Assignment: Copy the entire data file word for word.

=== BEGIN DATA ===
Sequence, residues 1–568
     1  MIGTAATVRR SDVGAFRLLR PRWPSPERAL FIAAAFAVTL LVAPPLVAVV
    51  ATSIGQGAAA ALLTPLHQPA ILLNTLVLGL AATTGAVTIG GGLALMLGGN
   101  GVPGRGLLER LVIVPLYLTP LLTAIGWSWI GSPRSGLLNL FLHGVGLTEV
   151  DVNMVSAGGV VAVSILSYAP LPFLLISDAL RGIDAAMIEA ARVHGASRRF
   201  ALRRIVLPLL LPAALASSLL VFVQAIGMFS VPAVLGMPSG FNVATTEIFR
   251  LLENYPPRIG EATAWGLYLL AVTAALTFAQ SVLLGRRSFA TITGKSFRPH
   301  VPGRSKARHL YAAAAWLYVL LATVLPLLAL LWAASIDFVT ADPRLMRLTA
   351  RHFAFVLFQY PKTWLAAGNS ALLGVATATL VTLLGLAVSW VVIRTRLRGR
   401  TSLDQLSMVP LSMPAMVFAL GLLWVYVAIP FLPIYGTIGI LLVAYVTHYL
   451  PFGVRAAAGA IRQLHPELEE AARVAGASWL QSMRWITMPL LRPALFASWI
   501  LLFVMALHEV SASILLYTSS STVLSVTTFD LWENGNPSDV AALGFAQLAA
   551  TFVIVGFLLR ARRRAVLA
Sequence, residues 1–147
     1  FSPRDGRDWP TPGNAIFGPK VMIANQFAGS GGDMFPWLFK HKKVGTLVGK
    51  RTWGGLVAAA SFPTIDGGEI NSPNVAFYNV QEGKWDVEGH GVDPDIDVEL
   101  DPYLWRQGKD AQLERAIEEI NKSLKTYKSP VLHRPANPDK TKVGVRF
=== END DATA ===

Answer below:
Sequence, residues 1–568
     1  MIGTAATVRR SDVGAFRLLR PRWPSPERAL FIAAAFAVTL LVAPPLVAVV
    51  ATSIGQGAAA ALLTPLHQPA ILLNTLVLGL AATTGAVTIG GGLALMLGGN
   101  GVPGRGLLER LVIVPLYLTP LLTAIGWSWI GSPRSGLLNL FLHGVGLTEV
   151  DVNMVSAGGV VAVSILSYAP LPFLLISDAL RGIDAAMIEA ARVHGASRRF
   201  ALRRIVLPLL LPAALASSLL VFVQAIGMFS VPAVLGMPSG FNVATTEIFR
   251  LLENYPPRIG EATAWGLYLL AVTAALTFAQ SVLLGRRSFA TITGKSFRPH
   301  VPGRSKARHL YAAAAWLYVL LATVLPLLAL LWAASIDFVT ADPRLMRLTA
   351  RHFAFVLFQY PKTWLAAGNS ALLGVATATL VTLLGLAVSW VVIRTRLRGR
   401  TSLDQLSMVP LSMPAMVFAL GLLWVYVAIP FLPIYGTIGI LLVAYVTHYL
   451  PFGVRAAAGA IRQLHPELEE AARVAGASWL QSMRWITMPL LRPALFASWI
   501  LLFVMALHEV SASILLYTSS STVLSVTTFD LWENGNPSDV AALGFAQLAA
   551  TFVIVGFLLR ARRRAVLA
Sequence, residues 1–147
     1  FSPRDGRDWP TPGNAIFGPK VMIANQFAGS GGDMFPWLFK HKKVGTLVGK
    51  RTWGGLVAAA SFPTIDGGEI NSPNVAFYNV QEGKWDVEGH GVDPDIDVEL
   101  DPYLWRQGKD AQLERAIEEI NKSLKTYKSP VLHRPANPDK TKVGVRF